Spouse abuse. Marriage is sometimes described as a hitting licence which allows men to batter women. In fact, serious violence amongst married couples is uncommon, and violence of all kinds is much less frequent than amongst cohabiting couples. American researchers, Jan Stets and Murray Straus, estimate that severe violence is three and a half times more common amongst cohabiting couples than married ones. They say that one explanation for the difference may be that some couples "enter cohabitation rather than marriage to keep more of their own independence, only to find that there are frequent arguments over rights, duties and obligations, which may lead to violence." These researchers also argue that "married couples have a greater material, social and psychological investment in the relationship... and may give in to their partners' wishes, believing that they need to make sacrifices to keep the relationship intact."

Equally striking is the evidence on sexual coercion. In their massive study of sexual practices in the US, Edward Laumann and his colleagues at the University of Chicago find that 0.6 per cent of women report having been forced to perform some sexual act by a spouse. Five times this number report sexual coercion by someone that they were in love with but who was not their spouse.

Child abuse. Both physical and sexual abuse are less frequent for children who live with their married, biological parents than in other kinds of family set-up. The riskiest situation for a child is to live in a step-family. Evidence collated by the sociobiologists Martin Daly and Margot Wilson indicates that children living with a step-parent are between 15 and 150 times as likely to be neglected, sexually abused, or murdered as children living with both their biological parents. In Finland, a 1996 study of 9,000 15-year-olds indicated that 3.7 per cent of girls living with a stepfather claimed that he had sexually abused them compared to 0.2 per cent living with their biological father. There is also evidence that abuse is less frequent if the step-parent and biological parent are married. This is presumably because marriage involves a stronger commitment to the new family than does cohabitation.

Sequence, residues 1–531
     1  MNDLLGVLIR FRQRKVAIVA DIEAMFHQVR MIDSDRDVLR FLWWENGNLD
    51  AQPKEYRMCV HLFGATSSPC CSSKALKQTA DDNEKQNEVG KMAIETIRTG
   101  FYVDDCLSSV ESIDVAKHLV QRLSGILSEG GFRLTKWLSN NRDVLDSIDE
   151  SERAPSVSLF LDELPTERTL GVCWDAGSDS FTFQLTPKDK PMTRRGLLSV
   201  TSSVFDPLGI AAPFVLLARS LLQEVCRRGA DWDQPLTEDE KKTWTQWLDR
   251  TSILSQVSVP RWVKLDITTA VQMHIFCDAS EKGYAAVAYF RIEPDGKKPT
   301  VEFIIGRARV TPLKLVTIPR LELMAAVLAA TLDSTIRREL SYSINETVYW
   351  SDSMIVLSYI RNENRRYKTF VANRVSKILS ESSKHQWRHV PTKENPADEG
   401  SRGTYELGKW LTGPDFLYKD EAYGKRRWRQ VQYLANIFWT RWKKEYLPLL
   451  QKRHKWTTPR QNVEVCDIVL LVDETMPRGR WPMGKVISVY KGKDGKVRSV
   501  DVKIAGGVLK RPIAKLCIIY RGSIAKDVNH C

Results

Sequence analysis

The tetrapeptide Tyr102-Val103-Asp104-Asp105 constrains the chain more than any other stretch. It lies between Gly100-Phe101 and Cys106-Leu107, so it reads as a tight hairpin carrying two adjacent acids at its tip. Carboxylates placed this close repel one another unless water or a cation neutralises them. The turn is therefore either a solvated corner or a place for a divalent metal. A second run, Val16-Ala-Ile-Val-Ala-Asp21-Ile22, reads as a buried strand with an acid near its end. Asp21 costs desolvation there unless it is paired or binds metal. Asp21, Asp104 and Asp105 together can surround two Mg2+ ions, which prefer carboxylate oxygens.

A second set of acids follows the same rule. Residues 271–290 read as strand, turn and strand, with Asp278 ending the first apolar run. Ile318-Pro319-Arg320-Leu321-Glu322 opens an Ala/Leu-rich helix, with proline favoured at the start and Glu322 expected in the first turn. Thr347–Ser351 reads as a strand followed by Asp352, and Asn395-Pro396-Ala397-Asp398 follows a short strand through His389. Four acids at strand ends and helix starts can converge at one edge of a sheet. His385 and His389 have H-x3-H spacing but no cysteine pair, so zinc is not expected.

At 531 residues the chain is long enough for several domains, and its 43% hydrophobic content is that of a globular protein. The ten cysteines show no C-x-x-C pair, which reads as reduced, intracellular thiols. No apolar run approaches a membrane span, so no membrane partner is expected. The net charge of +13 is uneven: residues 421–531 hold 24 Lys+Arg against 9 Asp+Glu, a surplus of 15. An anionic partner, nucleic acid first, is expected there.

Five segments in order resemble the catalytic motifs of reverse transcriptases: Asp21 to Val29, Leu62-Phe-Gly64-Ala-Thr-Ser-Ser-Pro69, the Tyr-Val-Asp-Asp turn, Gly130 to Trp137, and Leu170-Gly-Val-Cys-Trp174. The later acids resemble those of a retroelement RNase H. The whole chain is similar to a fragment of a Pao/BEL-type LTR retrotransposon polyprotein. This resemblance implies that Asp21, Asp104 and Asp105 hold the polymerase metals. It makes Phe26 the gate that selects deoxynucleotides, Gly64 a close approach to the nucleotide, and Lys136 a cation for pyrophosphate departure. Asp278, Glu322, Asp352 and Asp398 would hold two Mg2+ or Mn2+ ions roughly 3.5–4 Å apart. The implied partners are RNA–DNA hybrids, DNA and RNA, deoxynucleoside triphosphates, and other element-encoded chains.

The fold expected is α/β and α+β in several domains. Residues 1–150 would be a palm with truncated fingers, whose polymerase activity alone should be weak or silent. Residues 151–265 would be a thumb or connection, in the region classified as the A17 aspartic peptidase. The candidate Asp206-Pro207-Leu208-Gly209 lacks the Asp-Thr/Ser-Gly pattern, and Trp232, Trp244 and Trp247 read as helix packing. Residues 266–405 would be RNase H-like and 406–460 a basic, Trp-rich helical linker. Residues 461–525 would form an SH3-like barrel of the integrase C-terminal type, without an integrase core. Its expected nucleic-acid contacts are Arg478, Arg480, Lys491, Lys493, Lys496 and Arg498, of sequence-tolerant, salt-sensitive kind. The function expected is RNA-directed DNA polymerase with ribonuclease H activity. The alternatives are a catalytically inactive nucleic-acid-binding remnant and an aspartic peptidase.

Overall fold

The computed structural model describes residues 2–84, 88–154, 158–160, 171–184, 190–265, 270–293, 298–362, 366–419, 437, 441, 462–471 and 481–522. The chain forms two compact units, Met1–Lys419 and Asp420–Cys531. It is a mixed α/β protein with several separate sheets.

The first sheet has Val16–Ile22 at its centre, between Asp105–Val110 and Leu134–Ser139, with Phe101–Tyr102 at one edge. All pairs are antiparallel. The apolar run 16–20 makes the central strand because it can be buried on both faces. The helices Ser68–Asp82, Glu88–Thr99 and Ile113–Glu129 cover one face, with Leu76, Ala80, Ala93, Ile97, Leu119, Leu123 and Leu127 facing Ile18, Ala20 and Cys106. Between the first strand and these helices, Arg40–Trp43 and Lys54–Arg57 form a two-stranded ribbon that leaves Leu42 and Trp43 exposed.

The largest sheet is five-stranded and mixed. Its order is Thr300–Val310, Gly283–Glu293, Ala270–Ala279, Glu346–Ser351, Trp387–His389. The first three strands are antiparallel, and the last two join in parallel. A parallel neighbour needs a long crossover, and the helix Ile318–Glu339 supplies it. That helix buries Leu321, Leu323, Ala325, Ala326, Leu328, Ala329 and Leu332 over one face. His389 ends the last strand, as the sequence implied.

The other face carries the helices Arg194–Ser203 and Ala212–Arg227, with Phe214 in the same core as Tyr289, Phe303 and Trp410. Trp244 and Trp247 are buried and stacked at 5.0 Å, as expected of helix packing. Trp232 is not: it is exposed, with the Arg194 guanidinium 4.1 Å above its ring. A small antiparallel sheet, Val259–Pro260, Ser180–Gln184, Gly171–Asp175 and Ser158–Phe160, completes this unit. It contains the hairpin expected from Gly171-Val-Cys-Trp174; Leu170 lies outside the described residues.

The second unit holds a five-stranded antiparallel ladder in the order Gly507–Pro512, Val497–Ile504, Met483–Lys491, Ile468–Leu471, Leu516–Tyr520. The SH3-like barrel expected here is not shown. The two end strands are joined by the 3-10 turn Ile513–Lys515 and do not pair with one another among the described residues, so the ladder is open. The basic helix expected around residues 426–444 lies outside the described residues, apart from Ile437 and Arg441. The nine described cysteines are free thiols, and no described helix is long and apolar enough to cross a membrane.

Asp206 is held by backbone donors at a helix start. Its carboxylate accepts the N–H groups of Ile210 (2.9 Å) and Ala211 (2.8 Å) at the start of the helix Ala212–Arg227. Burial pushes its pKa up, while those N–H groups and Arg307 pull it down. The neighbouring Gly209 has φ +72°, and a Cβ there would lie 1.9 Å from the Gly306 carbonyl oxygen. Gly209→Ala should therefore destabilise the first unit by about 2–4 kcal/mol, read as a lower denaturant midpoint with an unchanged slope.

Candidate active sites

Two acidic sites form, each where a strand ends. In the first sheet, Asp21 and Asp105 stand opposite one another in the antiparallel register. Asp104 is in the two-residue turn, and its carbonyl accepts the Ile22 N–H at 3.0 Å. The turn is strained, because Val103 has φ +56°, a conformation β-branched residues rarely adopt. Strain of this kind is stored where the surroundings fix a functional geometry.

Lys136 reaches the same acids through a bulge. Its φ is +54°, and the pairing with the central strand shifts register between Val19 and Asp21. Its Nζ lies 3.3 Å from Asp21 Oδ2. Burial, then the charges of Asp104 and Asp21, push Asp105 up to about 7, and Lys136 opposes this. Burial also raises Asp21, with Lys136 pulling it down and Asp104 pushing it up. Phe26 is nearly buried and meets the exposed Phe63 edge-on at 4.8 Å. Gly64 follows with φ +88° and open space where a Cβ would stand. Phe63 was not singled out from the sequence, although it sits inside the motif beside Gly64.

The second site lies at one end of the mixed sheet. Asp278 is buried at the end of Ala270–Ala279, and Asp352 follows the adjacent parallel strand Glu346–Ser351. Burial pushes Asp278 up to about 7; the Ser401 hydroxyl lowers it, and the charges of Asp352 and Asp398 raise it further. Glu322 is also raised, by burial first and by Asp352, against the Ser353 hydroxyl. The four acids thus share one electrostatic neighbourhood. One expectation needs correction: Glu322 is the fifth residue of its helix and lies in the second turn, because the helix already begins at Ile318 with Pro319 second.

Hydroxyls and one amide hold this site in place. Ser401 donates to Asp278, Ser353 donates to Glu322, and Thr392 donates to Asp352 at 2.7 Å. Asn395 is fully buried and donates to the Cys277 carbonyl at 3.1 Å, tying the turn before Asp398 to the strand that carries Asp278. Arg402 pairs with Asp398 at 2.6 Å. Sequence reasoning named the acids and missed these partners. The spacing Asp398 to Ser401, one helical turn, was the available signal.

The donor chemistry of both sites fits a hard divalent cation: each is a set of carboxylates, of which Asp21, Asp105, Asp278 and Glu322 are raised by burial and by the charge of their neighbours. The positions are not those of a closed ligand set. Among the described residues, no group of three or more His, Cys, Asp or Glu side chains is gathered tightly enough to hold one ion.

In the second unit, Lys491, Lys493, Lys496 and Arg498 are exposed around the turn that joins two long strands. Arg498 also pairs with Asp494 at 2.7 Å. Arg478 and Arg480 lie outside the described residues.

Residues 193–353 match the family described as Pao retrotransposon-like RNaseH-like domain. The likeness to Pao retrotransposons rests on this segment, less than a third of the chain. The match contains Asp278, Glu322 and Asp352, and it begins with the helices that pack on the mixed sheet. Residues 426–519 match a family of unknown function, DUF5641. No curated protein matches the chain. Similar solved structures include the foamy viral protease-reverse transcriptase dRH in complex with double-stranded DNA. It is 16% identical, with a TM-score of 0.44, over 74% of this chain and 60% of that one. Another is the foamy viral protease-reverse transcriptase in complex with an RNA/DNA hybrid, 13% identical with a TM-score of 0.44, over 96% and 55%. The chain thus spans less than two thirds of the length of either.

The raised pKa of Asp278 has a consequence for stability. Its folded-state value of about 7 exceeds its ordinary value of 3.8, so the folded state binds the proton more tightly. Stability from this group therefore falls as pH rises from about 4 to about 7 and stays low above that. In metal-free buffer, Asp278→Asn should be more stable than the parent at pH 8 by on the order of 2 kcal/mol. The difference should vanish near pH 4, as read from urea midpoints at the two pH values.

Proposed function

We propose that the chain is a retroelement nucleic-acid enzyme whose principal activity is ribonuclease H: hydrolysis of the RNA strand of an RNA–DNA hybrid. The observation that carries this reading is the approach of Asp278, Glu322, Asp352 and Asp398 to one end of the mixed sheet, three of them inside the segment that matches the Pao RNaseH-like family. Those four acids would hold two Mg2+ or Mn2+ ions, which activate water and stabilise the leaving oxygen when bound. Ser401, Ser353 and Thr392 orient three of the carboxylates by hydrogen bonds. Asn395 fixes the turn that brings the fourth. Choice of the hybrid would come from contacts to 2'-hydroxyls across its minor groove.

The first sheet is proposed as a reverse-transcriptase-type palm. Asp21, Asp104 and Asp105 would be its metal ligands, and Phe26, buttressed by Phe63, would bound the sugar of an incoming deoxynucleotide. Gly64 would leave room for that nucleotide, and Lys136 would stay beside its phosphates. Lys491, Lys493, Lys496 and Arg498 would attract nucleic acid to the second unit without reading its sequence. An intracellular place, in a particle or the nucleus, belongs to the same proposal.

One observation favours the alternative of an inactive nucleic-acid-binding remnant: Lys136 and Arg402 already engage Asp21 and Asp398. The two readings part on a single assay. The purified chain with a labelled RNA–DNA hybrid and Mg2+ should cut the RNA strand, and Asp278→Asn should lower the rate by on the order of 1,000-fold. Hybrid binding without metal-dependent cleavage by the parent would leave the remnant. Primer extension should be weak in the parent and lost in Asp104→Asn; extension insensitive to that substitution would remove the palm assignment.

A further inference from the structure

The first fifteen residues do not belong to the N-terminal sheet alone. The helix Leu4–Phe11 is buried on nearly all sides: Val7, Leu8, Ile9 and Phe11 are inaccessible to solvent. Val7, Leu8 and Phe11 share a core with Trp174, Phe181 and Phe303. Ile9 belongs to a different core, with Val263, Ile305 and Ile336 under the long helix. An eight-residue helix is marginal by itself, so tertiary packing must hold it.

Stability. Marriages are on average more stable than cohabiting unions are. This applies whether or not children are present. Kathleen Kiernan estimates that 8 per cent of British couples who get married before their first child is born split up within five years of its birth. The figure is 25 per cent for cohabiting couples who marry after their baby is born, and 52 per cent for cohabiting couples who never marry. Using a different data source, John Ermisch estimates that for those cohabiting couples who never marry, around five out of six unions will break up within ten years of the birth of their first child.

A similar pattern can be observed elsewhere in western Europe, although the contrasts are not as extreme as in this country. The most interesting case is that of Sweden. Those who believe that marriage is an outdated institution frequently claim that long-term cohabitation has replaced marriage in Sweden and that Swedish divorce rates are very high among the few people who do marry. These claims are misleading. It is true that cohabitation is widespread in Sweden and is legally recognised by the state. More than half of all mothers have their first child in a cohabiting union. However, a majority of those mothers eventually marry the father and they generally stay married for a long time. Many of those who remain cohabiting break up within a few years. Kiernan estimates that the risk of dissolution for cohabiting parents in Sweden is four times as high as for married parents. Her figures also show that when they involve children, Swedish marriages are the most durable in Europe.